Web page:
254 F.2d 338
103 U.S.App.D.C. 1
Joseph SWARTZ and Freda Swartz, Appellants,
William P. ROGERS, Attorney General of the United States, Appellee.
United States Court of Appeals District of Columbia Circuit.
Argued Jan. 8, 1958.
Decided Feb. 27, 1958, Petition for Rehearing Denied March 24, 1958.
Mr. Richard Schifter, Washington, D.C., with whom Messrs. Max M. Kampelman and Eugene Gressman, Washington, D.C., were on the brief, for appellants.
Mr. Carl W. Belcher, Asst. U.S. Atty., with whom Mr. Oliver Gasch, U.S. Atty., and Messrs. Lewis Carroll and Robert J. Asman, Asst. U.S. Attys., were on the brief, for appellee.
Before PRETTYMAN, BAZELON and BASTIAN, Circuit Judges.
PRETTYMAN, Circuit Judge.
Our two appellants are husband and wife. He was lawfully admitted to the United States in 1908 and in 1930 was convicted for violation of the Narcotics Act. In 1942 they were married, she being a naturalized citizen. In 1953 deportation proceedings against the husband were brought under the Immigration and Nationality Act of 1952.1 In February, 1955, deportation was ordered, on the ground of his conviction. Appellants then filed a complaint in the District Court for declaratory judgment and injunctive relief. The District Court rendered judgment for the Attorney General on the pleadings.
On this appeal appellants present two questions. The first question is whether the statute, providing for deportation of an alien who 'has been convicted of a violation of any law or regulation relating to the illicit traffic in narcotic drugs,' is unconstitutional by reason of the ex post facto clause of the Constitution. This question has been decided adversely to appellants by the Supreme Court in Mulcahey v. Catalanotte.2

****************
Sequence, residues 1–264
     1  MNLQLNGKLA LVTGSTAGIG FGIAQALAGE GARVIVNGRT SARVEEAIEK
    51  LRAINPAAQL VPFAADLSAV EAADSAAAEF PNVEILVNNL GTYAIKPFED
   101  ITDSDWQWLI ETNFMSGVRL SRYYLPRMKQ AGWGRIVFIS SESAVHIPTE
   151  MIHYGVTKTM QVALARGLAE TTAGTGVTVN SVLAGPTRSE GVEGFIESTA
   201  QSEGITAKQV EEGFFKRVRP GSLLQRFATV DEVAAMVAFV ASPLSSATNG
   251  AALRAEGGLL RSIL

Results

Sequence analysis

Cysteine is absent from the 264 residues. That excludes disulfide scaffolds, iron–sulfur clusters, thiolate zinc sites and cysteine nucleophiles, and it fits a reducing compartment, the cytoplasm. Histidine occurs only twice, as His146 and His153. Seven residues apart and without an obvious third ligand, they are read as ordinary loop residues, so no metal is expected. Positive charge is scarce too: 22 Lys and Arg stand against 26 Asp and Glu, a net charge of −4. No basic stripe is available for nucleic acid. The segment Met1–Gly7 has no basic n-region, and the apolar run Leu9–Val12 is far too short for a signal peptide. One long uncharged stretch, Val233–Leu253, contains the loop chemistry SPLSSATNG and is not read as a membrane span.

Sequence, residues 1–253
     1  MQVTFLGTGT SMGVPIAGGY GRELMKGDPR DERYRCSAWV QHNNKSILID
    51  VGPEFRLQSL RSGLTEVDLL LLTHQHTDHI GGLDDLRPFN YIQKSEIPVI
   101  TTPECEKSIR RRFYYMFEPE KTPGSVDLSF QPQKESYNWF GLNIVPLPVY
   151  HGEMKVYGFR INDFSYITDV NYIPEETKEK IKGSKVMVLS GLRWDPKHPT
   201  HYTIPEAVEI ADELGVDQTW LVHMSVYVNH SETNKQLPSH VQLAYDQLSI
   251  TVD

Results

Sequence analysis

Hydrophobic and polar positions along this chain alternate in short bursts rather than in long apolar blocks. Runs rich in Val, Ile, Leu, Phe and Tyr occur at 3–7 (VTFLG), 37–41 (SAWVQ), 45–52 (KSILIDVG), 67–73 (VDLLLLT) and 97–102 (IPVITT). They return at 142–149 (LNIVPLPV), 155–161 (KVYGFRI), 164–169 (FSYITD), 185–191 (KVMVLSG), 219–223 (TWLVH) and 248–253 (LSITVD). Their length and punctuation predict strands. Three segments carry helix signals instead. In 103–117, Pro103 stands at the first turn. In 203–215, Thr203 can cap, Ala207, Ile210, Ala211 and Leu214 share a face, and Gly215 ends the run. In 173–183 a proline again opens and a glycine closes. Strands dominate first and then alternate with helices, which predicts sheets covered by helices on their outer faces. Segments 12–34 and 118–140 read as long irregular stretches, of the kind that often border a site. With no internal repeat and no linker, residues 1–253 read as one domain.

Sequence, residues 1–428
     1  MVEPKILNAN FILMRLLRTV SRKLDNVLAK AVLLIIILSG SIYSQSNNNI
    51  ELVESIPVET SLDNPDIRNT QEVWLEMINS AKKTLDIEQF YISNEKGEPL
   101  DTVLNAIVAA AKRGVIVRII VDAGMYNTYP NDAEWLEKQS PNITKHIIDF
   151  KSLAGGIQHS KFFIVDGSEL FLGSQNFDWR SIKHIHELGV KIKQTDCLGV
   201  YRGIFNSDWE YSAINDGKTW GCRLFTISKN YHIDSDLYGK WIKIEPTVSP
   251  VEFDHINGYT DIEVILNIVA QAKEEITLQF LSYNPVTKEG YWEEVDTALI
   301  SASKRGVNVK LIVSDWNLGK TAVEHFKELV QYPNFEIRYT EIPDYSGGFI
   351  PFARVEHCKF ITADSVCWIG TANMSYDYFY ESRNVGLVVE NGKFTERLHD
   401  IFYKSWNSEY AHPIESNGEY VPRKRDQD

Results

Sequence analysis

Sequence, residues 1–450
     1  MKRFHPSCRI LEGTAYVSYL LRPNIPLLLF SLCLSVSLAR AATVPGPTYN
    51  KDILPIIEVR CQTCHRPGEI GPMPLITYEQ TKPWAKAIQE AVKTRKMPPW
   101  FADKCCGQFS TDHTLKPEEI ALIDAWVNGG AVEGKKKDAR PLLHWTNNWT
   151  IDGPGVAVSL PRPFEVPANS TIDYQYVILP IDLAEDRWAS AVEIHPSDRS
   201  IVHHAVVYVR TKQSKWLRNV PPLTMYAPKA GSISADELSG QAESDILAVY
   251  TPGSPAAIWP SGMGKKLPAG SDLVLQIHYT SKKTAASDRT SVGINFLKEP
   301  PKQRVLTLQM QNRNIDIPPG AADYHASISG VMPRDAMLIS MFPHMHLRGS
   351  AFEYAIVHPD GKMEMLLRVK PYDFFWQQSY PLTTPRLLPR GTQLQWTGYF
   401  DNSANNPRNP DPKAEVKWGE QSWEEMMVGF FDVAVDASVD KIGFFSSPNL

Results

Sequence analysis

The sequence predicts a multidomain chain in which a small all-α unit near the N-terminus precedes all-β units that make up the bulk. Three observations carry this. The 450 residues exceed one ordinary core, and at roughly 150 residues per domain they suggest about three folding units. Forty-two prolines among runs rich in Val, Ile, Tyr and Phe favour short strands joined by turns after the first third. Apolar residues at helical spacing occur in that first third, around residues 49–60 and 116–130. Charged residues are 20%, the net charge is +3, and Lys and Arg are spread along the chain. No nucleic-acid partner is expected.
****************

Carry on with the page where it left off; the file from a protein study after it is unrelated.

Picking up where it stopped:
The second question is whether the marriage in 1942 gave the appellant wife a contract right or a marital status which is so protected by the due process clause of the Fifth Amendment that her husband could not be deported by the retrospective application of a 1952 act of Congress. Appellants argue that the due process clause gave her a right, upon marriage, to establish a home, create a family, have the society and devotion of her husband, etc.; and that to deport her husband by the retrospective application of a statute would unconstitutionally destroy that marital status. But the essence of appellants' claim, when it is analyzed, is a right to live in this country. Certainly deportation would put burdens upon the marriage. It would impose upon the wife the choice of living abroad with her husband or living in this country without him. But deportation would not in any way destroy the legal union which the marriage created. The physical conditions of the marriage may change, but the marriage continues. Under these circumstances we think the wife has no constitutional right which is violated by the deportation of her husband.
Arguments similar to those here presented by our appellants were faced by the Supreme Court in Harisiades v. Shaughnessy3 and United States ex rel. Knauff v. Shaughnessy.4 Those cases are not precisely in point, but they involved similar problems, on which the Court's views were in accord with those we here express.
The judgment of the District Court is Affirmed.
BAZELON, Circuit Judge, concurs in the result.